Politics & Government

Change? Obama's foreign policy team is old Clinton hands

WASHINGTON — Barack Obama met Wednesday with a new national-security advisory group that includes many of former President Clinton's top advisers, saying that if he's elected president he'll return the nation "to a pragmatic tradition of American foreign policy, which has been so ably advanced by the people in this room."

With former Secretaries of State Madeleine Albright and Warren Christopher and former Defense Secretary William Perry signing on to a panel already heavy with former Clinton administration officials, Obama continued to consolidate the support of Clinton loyalists after his defeat of Sen. Hillary Clinton for the Democratic nomination.

Their willingness to advise Obama in his general election campaign gives him a team with decades of collective expertise and one that advised the last Democratic president during a decade of peace and prosperity.

At the same time, the Illinois senator's choices for his Senior Working Group on National Security may open him up to more criticism from Republicans that the professed "change" candidate is relying on familiar Washington insiders or that the failure of these former officials to kill or catch Osama bin Laden before the 9-11 attacks left the nation vulnerable on President Bush's watch.

"There's nothing 'new' about this group of Washington insiders," Republican National Committee spokesman Alex Conant said. He urged Obama to spend more time meeting with commanders in Iraq and considering the positive effects of the military troop buildup there instead of "sitting down in a room with a bunch of Washington elites, many of whom also opposed the surge."

Bill Cohen, a former Republican senator who also served as a Clinton defense secretary and isn't a member of Obama's panel, said he didn't see any downside to the panel: "They're all top-notch people, and he'll get solid advice."

Michael O'Hanlon, a national security expert at the Brookings Institution, a centrist research center, said that Obama's working group offered expertise but would benefit from more new voices.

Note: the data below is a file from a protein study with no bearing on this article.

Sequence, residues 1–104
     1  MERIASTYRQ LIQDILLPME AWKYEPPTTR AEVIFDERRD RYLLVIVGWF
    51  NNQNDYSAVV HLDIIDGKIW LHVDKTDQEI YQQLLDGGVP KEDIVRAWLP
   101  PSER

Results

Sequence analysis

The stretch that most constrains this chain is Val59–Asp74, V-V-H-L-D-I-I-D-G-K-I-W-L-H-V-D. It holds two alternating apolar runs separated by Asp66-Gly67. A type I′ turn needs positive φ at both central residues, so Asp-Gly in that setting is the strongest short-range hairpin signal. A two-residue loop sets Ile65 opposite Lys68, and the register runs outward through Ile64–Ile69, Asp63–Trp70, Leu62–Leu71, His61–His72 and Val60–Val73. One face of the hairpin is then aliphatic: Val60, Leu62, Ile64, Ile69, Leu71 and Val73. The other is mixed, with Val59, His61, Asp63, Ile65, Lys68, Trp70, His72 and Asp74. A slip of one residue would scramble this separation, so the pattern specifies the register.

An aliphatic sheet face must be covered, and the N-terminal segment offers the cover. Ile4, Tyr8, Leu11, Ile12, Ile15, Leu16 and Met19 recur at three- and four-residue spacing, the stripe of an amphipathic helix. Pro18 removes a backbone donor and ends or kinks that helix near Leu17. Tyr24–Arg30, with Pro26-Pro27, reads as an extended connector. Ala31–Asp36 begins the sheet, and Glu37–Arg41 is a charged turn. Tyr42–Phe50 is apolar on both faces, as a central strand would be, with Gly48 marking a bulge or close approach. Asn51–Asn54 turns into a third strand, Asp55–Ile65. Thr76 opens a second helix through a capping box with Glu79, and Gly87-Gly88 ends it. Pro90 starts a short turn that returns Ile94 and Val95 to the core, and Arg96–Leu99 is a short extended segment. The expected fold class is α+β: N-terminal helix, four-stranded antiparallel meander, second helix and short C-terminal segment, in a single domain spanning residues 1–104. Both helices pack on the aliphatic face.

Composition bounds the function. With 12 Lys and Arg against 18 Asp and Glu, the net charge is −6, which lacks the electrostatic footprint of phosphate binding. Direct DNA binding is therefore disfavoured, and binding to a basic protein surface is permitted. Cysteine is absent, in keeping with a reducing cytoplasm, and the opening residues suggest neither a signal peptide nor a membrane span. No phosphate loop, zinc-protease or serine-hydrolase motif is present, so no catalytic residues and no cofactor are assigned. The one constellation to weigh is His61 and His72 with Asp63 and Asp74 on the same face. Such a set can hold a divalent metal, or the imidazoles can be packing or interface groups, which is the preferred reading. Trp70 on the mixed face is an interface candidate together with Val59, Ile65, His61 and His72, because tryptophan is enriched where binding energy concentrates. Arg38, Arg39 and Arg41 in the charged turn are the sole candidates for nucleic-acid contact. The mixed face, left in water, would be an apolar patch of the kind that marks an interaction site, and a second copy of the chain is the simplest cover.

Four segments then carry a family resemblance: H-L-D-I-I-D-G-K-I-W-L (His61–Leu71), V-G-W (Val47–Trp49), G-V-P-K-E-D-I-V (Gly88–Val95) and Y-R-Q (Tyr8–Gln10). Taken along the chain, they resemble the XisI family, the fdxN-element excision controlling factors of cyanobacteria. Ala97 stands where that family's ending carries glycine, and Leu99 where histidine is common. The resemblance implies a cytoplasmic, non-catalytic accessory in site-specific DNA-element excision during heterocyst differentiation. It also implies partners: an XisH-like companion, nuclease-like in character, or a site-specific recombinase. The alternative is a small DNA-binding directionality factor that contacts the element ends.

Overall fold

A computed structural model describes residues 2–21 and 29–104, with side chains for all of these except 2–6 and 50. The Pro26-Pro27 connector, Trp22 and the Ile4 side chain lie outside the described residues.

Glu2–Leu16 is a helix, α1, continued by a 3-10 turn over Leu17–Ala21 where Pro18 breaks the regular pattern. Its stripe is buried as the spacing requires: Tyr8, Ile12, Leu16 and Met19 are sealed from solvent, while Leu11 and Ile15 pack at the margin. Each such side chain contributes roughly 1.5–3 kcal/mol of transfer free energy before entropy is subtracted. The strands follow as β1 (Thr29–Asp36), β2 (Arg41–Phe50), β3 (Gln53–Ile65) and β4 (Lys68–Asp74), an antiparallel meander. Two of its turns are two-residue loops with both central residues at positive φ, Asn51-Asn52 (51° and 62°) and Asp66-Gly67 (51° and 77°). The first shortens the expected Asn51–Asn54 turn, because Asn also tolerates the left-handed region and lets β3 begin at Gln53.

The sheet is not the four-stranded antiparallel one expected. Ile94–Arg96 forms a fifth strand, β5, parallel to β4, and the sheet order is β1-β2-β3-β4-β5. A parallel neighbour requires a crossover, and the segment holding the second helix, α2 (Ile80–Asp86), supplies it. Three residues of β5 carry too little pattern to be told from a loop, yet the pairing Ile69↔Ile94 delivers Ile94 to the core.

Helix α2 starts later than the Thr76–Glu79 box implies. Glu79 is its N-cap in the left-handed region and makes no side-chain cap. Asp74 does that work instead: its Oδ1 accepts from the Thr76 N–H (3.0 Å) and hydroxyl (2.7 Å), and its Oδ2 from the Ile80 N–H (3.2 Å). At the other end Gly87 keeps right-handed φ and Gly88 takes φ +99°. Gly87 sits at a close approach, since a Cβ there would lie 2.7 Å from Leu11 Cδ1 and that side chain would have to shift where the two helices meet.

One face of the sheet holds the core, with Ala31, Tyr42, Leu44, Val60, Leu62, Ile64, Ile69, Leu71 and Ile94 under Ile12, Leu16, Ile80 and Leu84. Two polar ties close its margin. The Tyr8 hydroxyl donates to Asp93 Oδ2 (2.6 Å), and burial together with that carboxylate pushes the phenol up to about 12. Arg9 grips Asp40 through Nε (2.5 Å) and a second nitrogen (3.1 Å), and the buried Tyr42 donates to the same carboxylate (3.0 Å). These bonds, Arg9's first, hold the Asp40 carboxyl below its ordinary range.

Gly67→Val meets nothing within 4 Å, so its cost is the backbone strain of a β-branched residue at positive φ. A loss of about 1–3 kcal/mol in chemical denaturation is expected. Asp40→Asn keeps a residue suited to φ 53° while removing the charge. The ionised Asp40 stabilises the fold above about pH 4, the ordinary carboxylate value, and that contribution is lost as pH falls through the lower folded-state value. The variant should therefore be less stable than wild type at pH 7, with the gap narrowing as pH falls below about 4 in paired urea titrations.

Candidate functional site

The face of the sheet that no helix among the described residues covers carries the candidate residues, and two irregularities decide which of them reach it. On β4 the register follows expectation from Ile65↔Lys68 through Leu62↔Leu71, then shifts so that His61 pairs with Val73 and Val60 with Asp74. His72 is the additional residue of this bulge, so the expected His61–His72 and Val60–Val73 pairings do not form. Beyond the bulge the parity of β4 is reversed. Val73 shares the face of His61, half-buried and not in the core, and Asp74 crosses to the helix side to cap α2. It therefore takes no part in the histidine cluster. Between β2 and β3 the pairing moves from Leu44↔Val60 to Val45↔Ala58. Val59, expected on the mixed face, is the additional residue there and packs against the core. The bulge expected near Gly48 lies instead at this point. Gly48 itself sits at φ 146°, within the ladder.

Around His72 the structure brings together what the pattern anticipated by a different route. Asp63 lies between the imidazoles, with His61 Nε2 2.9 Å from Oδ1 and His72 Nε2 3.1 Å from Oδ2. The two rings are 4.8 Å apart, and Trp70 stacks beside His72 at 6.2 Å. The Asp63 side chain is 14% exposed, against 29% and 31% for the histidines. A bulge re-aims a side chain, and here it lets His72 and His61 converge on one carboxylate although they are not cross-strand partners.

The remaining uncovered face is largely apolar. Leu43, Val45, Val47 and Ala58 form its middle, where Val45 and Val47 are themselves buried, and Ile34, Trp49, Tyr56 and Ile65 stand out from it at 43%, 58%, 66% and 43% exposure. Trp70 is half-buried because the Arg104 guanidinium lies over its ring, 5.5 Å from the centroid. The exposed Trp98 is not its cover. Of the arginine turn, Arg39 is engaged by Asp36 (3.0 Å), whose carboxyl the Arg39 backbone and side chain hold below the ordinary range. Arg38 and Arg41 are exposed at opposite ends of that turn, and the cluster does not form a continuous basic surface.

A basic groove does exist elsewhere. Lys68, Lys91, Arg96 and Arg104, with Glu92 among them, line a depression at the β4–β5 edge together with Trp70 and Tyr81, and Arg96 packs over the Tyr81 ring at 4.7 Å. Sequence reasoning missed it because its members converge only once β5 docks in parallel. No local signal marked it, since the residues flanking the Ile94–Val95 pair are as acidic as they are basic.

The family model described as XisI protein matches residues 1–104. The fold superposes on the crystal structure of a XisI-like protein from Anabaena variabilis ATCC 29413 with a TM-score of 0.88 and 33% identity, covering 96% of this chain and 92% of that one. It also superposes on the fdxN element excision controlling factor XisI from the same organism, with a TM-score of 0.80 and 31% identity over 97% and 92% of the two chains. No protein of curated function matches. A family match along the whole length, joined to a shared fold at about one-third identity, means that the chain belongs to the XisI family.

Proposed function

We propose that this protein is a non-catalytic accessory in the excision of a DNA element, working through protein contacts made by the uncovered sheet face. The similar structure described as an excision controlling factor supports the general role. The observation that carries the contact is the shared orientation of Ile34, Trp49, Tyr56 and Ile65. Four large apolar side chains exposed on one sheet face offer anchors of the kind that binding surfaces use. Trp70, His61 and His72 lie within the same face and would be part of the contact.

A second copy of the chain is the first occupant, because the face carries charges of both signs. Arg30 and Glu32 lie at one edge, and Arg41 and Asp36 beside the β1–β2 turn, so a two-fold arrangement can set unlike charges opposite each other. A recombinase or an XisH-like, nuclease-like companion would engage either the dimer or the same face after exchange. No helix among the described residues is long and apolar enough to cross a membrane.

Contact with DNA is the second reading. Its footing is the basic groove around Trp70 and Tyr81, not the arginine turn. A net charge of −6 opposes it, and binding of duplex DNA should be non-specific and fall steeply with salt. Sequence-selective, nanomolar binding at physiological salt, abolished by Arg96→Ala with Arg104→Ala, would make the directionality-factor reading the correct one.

"When you lead with the last two secretaries of state, you begin to have quite a feel of the old guard," O'Hanlon said. "For every seasoned veteran you also want to have some new ideas and a process that ensures the new people are not intimidated or overruled" by the veterans.

Obama and his advisers said they'd add more experts to the panel in coming months.

O'Hanlon said that Perry brought special expertise on issues such as defense technology, the use of force and nuclear proliferation. He characterized Albright's addition as "a good way to start bringing people together" and said Christopher's record was mixed because of problems on his watch in Somalia and Bosnia and with the Middle East peace talks.

Albright, Christopher and Perry join a panel that's already peopled with many former Clinton administration officials who sided with Obama during the long contested primary.

They include former Clinton National Security Adviser Tony Lake; former Assistant Secretary of State Susan Rice; Greg Craig, the former director of the State Department's Office of Policy Planning; former Deputy Attorney General Eric Holder; former Navy Secretary Richard Danzig; and former Deputy National Security Adviser Jim Steinberg.

Several former Democratic members of Congress also are in Obama's working groups: David Boren, former chairman of the Senate Select Committee on Intelligence; Lee Hamilton, former chairman of the House Foreign Affairs Committee and the vice chairman of the 9-11 commission; Sam Nunn, former chairman of the Senate Armed Services Committee; and Tim Roemer, a former House member and 9-11 commissioner.

Obama told the working group at the Liaison Hotel in Washington that this would be the first of a number of gatherings before the election and that they'd start with "a wind-ranging discussion about the national security challenges facing the United States," including the wars in Iraq and Afghanistan, terrorism, nuclear proliferation, climate change, poverty and disease.

"Nearly all these threats have grown over the last eight years because of the policies of George Bush, which I believe have left us less safe and less respected in the world," Obama told his panel. He said that presumptive Republican nominee John McCain would continue Bush's policies while he himself would "turn the page."

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